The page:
To that end I created books like Looney Tunes and Merrie Melodies: A Complete Illustrated Guide and The Fifty Greatest Cartoons. I worked in film distribution, releasing independent and international shorts through the Tournee of Animation, and putting anime, like Akira, into movie theaters and onto home video. Websites like Cartoon Research and Cartoon Brew have been another avenue in my continuing mission to connect animated content with like-minded individuals. Today, we are starting a new venture, but the objective remains the same.

This blog is read by a diverse collection of individuals, from students to cartoon aficionados, from directors and animators at the largest animation studios to commercial directors and independent filmmakers. What binds us all is our passion for the art form, and our desire to discover new animated films of all stripes and colors. CartoonBrewFilms aims to make available the most interesting, highest quality and rarest pieces of animated filmmaking, to offer hand-picked animation not found anywhere else. These are films that are not readily available; they are films that deserve to be seen, enjoyed, studied, discussed.

Not everybody can attend animation festivals like Ottawa, Annecy, Zagreb or Hiroshima, but with BrewFilms, your personal and portable animation festival is just one mouse click away. More importantly, we’re determined to do this in a way that is fair and financially equitable to the animators who are producing these shorts. Filmmakers contributing to our site will be compensated for their films; older films are being licensed from their respective owners. Every purchase you make sends a clear and direct message to filmmakers that you appreciate their hard work and want to see more animated shorts.

We’ve come a long way since I first collecting animated shorts in the 1970s, but I can say with confidence that the best is yet to come.

Amid Amidi

If I had to single out one moment during the development of CartoonBrewFilms where I became confident that we were on the right track, it would be an evening in May about ten months ago. Jerry and I were meeting with our distinguished attorney Ken. The purpose of the meeting was to hammer out the terms of the contract which filmmakers would have to sign so we could sell their work. Seemingly, every time Ken would make a suggestion (the type of suggestions that all good lawyers are supposed to make), Jerry or I would object saying that that wouldn’t be the fairest deal for the filmmaker. In the cutthroat world of business, some might say our desire to create a fair deal for all parties is naive, that it dooms us to failure. That’s not how we look at it though.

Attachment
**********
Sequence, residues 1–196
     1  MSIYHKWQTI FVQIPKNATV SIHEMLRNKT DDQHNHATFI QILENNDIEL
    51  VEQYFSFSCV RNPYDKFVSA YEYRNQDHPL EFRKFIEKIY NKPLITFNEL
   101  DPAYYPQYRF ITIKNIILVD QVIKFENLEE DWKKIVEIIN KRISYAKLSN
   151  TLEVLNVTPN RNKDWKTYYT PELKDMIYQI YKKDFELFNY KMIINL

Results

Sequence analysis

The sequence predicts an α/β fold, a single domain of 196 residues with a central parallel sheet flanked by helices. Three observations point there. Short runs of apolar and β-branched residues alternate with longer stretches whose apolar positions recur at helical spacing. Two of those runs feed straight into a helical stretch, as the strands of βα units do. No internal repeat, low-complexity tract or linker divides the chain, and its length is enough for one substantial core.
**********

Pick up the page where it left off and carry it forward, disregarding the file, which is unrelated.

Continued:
We think it’s smart business to create relationships with filmmakers that benefit them financially as much as they do us. There’s enough exploitation of animation artists as it already is; we’re setting out to create something wholly different, a company that supports, promotes and respects filmmakers. Video has barely arrived on the Internet, and like clockwork, the opportunists have already begun exploiting artists through myriad ways: paying filmmakers pennies through ad-based revenue sharing schemes, running “contests” to cheaply acquire new content, and asking you to submit your work for free because it’s “user-generated content.” CartoonBrewFilms doesn’t play those type of games. We aim to become the alternative that everybody has always wanted and nobody has had the guts to create.

This blog, Cartoon Brew, has been a consistent voice in the animation community since 2004; Jerry and I have been in the industry far longer than that. We’re in this for the long haul and we’re committed to making CartoonBrewFilms work. The idea for CartoonBrewFilms will surely continue to evolve over the coming months and years, but what will not change is our commitment to treating filmmakers fairly and with respect. Together—filmmakers, animation lovers and BrewFilms—let’s build a new type of animation company that we can all be proud of.

Animators Up for Pulitzer Prize


The journalism trade magazine, Editor and Publisher is reporting that the three cartoonists reported to be Pulitzer Award finalists all do animation:

What do Nick Anderson, Walt Handelsman, and Mike Thompson (his latest cartoon above) have in common?